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Effexor is the brand name of the generic medication venlafaxine, a serotonin-norepinephrine reuptake inhibitor (SNRI) used to treat anxiety, depression, ADHD, and more.


Ros Lederman

Medically reviewed by

Donovan Wong, MD

January 30, 2023


fast facts.



Drug class

serotonin-norepinephrine reuptake inhibitor (SNRI)

Other names


Used for

attention deficit/hyperactivity disorder (ADHD), diabetic neuropathy, generalized anxiety disorder (GAD), hot flashes, migraine prevention, obsessive-compulsive disorder (OCD), panic disorder, post-traumatic stress disorder (PTSD), premenstrual dysphoric disorder (PMDD), social anxiety disorder



What is Effexor?

Effexor is the brand name of the generic medication venlafaxine. Effexor is a serotonin-norepinephrine reuptake inhibitor (SNRI), which is a type of antidepressant medication that is also prescribed for anxiety. SNRIs boost the levels of both serotonin and norepinephrine (neurotransmitters that help regulate your mood) by preventing them from being reabsorbed into the nerve cells (neurons) in your brain. 

Effexor is used to treat generalized anxiety disorder (GAD), major depressive disorder (MDD), panic disorder, and social anxiety disorder (also called social phobia). It may also be prescribed for “off-label” uses for several other conditions. Off-label use is when a medication is prescribed for a condition other than one it has been approved to treat by the Food and Drug Administration (FDA). This is a common and acceptable medical practice.

Effexor is used off-label to treat:

  • Attention deficit/hyperactivity disorder (ADHD)
  • Diabetic neuropathy (nerve damage caused by diabetes)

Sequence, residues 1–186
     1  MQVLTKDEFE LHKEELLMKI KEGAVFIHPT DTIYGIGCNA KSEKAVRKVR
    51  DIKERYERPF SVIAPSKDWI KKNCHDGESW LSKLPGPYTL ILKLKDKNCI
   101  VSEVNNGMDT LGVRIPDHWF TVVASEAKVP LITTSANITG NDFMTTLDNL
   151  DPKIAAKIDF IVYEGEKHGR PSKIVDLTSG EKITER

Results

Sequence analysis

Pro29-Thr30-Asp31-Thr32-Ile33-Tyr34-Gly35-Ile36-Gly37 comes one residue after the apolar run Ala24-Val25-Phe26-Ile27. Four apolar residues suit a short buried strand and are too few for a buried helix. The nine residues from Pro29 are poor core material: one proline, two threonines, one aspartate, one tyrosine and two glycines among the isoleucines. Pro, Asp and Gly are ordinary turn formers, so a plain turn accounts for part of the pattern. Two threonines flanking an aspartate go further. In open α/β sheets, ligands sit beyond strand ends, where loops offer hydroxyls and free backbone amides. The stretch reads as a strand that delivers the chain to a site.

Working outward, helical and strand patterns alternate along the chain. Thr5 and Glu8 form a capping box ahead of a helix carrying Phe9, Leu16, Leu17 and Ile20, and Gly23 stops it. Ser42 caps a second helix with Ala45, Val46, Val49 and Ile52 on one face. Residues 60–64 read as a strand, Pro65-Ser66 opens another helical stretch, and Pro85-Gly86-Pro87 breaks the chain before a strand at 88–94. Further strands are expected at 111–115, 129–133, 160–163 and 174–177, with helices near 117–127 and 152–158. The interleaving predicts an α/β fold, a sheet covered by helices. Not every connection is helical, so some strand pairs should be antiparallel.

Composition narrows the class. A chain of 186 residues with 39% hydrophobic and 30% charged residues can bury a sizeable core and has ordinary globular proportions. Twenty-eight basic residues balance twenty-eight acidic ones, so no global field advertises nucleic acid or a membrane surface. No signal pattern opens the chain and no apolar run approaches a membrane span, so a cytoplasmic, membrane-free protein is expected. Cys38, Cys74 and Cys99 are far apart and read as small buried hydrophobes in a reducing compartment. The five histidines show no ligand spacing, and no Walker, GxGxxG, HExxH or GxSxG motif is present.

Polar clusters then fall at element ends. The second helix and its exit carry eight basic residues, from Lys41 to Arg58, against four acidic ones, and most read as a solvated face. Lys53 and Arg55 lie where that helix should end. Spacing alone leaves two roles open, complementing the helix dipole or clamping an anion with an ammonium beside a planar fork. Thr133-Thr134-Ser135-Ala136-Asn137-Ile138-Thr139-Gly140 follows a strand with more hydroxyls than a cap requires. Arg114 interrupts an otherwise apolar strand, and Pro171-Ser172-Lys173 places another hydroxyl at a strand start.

• Hot flashes
  • Migraine prevention
  • Obsessive-compulsive disorder (OCD)
  • Post-traumatic stress disorder (PTSD)
  • Premenstrual dysphoric disorder (PMDD)

Effexor is available in immediate and extended release formulas:

Effexor/venlafaxine (immediate release) tablet

  • 25 mg
  • 37.5 mg
  • 50 mg
  • 75 mg
  • 100 mg

Effexor/venlafaxine (extended release) tablet

  • 37.5 mg
  • 75 mg
  • 150 mg
  • 225 mg

Effexor XR/venlafaxine (extended release) capsule

  • 37.5 mg
  • 75 mg
  • 150 mg

A typical Effexor dosage will depend on what you are taking it for, as well as which form you are taking (immediate release vs extended release). 

If you are taking the immediate release form of Effexor for depression, a typical starting dose is 75 mg daily, taken divided up into 2 or 3 doses throughout the day. If needed, your prescribing doctor, nurse practitioner, or Minded mental healthcare professional may gradually increase your dose as needed, up to the maximum recommended dose of 225 mg or 375 mg per day, depending on the indication. (While this is the maximum recommended daily dose, some people might need a higher dose to achieve relief from their symptoms.)

If you are taking the extended release form of Effexor for anxiety or depression, a typical starting dose is 75 mg, taken once daily (in the morning or the evening). As with the immediate release, your prescribing healthcare provider may increase the dose up to the maximum recommended dose of 225 mg or 375 mg per day, depending on the indication.

A typical starting dose of the extended release form of Effexor for panic disorder is 37.5 mg, taken once a day (morning or evening). And the maximum recommended daily dose is 225 mg per day as well.

No matter what your dosage may be, Effexor can be taken with or without food. While the immediate release form is usually taken in divided doses throughout the day, Effexor XR is typically taken once a day (morning or evening—you will want to choose the same time each day).

If you accidentally miss your dose of Effexor medication, you will want to either: take the missed dose as soon as you remember—or, if it is closer to when you would take the next dose, just go ahead and take the next dose.